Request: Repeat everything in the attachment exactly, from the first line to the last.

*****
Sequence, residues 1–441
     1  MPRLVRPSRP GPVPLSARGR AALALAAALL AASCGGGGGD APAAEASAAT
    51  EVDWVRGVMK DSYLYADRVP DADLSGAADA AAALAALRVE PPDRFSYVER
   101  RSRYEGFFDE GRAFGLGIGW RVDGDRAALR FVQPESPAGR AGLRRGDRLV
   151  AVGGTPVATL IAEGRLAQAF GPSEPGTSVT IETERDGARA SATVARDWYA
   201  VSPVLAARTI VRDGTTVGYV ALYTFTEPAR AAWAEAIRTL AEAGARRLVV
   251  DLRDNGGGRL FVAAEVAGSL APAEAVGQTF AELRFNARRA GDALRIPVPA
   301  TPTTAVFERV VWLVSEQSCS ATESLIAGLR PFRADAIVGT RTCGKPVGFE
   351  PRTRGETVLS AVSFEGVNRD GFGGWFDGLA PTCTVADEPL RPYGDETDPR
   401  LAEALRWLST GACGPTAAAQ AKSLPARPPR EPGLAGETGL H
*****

Sequence, residues 1–441
     1  MPRLVRPSRP GPVPLSARGR AALALAAALL AASCGGGGGD APAAEASAAT
    51  EVDWVRGVMK DSYLYADRVP DADLSGAADA AAALAALRVE PPDRFSYVER
   101  RSRYEGFFDE GRAFGLGIGW RVDGDRAALR FVQPESPAGR AGLRRGDRLV
   151  AVGGTPVATL IAEGRLAQAF GPSEPGTSVT IETERDGARA SATVARDWYA
   201  VSPVLAARTI VRDGTTVGYV ALYTFTEPAR AAWAEAIRTL AEAGARRLVV
   251  DLRDNGGGRL FVAAEVAGSL APAEAVGQTF AELRFNARRA GDALRIPVPA
   301  TPTTAVFERV VWLVSEQSCS ATESLIAGLR PFRADAIVGT RTCGKPVGFE
   351  PRTRGETVLS AVSFEGVNRD GFGGWFDGLA PTCTVADEPL RPYGDETDPR
   401  LAEALRWLST GACGPTAAAQ AKSLPARPPR EPGLAGETGL H